Three Irrelevant Things About The Sega Saturn

The Sega Saturn turns twenty years old today, November 22. That’s going by the launch date in Japan and not the sudden and problematic American debut. No matter where you pinpoint the console’s birth, it’s a favorite of mine.

The Saturn doesn't get enough credit. The poor thing trailed the Sony PlayStation for nearly its entire life, and Sega never recovered from the damage done there. I had a PlayStation first, and yes, I liked it a little better. But I also bought a Saturn and realized how underrated it was. The Saturn had excellent ports of Capcom and SNK arcade games. The Saturn had weird, cool little titles like Burning Rangers and Sakura Wars and the Panzer Dragoon series. The Saturn let you play import games with ease. The Saturn turned me into a bigger game geek than I had ever been before, and it made me enjoy that.

Plenty of websites took a look at the Saturn this week, and you’ll see no shortage of recommendations when it comes to the system’s best games. It’s easy to find a rundown of just about every notable Saturn release. And I don’t know if I could really say anything new if I just went on and on about Darkstalkers games or Steamgear Mash or Last Bronx.

So I won’t. Instead I’ll discuss three things that I remember about the Saturn and its under-appreciated library. Not one of these things really mattered in making the Saturn a magnificent sleeper system, but they were important to me. That's what counts.

The Panzer Dragoon series is the best thing to come out of the Saturn's short career, and Panzer Dragoon Saga is the best thing to come out of the Panzer Dragoon series. It takes the dragon-flying concept of its shooter forerunners and turns it into an skyborne RPG where random battles are welcome, primitive 3-D graphics actually suit the Moebius-derived wasteworld, and the boy-meets-mystic-girl concept plays out with uncommon style.

Panzer Dragoon Saga was among the last round of Saturn releases, all of which were hard to come by unless you reserved them or lucked into discounted copies at Meijer or Toys R Us. Of course, I put money down. It was clearly worth fifty bucks. It spanned four discs—one more than Final Fantasy VII! It had dragons! And hey, what’s that little starburst on the cover?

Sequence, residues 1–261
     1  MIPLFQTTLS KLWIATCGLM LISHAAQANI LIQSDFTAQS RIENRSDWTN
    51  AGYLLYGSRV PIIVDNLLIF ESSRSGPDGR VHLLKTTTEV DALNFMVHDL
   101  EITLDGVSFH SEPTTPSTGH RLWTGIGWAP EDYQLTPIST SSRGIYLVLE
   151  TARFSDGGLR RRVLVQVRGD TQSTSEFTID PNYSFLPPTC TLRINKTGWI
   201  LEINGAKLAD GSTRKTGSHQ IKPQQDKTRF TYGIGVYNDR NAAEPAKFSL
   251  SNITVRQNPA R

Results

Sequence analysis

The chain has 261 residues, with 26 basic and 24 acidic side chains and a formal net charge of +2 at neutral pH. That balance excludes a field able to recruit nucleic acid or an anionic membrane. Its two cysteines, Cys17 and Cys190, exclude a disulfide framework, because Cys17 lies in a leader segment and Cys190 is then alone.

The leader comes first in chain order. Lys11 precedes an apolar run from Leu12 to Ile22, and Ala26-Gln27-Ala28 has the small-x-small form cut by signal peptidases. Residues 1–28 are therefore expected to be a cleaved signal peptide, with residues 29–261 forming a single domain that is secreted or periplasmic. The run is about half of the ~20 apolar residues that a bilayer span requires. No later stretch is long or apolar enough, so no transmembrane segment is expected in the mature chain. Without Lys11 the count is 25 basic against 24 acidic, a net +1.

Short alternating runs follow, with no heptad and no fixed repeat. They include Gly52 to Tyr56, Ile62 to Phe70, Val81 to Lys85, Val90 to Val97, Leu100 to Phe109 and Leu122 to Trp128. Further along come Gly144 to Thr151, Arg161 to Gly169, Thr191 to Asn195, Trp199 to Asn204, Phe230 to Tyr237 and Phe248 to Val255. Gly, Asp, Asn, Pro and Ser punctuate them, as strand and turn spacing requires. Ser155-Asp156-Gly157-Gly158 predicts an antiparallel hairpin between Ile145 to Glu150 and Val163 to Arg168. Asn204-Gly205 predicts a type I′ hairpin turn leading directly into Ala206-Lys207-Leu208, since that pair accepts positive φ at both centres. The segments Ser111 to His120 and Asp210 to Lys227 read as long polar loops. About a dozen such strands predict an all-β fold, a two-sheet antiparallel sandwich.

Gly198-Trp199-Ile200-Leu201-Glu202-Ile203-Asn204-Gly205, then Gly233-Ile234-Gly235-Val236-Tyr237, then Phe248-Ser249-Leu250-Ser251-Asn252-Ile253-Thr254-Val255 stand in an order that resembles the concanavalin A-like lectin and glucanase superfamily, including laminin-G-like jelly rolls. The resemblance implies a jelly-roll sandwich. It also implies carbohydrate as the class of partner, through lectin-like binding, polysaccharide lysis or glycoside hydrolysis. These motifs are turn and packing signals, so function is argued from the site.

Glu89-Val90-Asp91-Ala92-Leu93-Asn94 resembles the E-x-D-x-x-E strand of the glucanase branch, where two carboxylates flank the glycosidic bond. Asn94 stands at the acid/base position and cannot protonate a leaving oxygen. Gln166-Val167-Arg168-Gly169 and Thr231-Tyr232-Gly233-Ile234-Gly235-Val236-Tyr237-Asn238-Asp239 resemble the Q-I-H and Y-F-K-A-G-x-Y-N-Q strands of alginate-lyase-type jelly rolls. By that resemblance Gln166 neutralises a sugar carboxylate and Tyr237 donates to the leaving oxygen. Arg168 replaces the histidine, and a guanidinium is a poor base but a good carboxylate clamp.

Everyone rapidly learns to distrust or outright ignore the breathless praise they see on movie posters and book jackets and DVD cases and video games. As a kid, I didn’t put much stock in any recommendation that wasn’t attached to Siskel and/or Ebert. In fact, I don’t think any piece of box-borne critical gushing really stayed with me, except for one: Next Generation saying Panzer Dragoon Saga was “unique, trailblazing, and wonderful.” Even if "unique" and "trailblazing" crowd together in their implications, something about the directness of the quote grabbed me.

The Saturn had the appeal of a cult classic. It was the loser system next to the Nintendo 64 and the PlayStation, but that just made it all the more scrappy and likeable. Most of the Saturn’s library wasn’t very different from other consoles; you had fighting games, racing games, action games, and role-playing games littered with mandatory clichés. Every now and then, though, the Saturn would have something that you couldn't get anywhere else. Something unique, trailblazing, and perhaps even wonderful.

The cover of Panzer Dragoon Saga is a jumbled and confusing collage. It’s strange how the dragon’s horn-helm goes behind Edge’s neck while the lower piece of it goes in front of Azel’s head. Azel has a fairly interesting look for a genre where heroines are usually conventional vixens or meekly beautiful waifs, but the box art does her no favors. At least that little orange firework and its poorly aligned text tell the unclouded truth about Panzer Dragoon Saga. Even if we don’t believe the overheated quotes we read on covers, we appreciate it when they’re right.

As I get older and try to create things, I sometimes daydream about what critical plaudits might appear on, say, my sci-fantasy trilogy about extraterrestrial barbarians who communicate by farting. The triple crown of “unique, trailblazing, and wonderful” would be nice, but I'd settle for just one of those.

Some people bought Saturns for Virtua Fighter 2, X-Men vs. Street Fighter, or NiGHTS. I bought one for Cyberbots. Capcom’s wonderfully animated mecha fighting game absorbed me when I caught it at an arcade test, and I was disappointed that I couldn’t find it anywhere else. But it came to the Saturn in Japan, and I knew I had to get one. Capcom wouldn’t bother with a U.S. release. Why should they, with the Saturn ailing and Cyberbots never a success in arcades? So I nabbed the import. It was the first time I’d bought a Japanese game, and the first time I’d bought the special edition of any game from any country.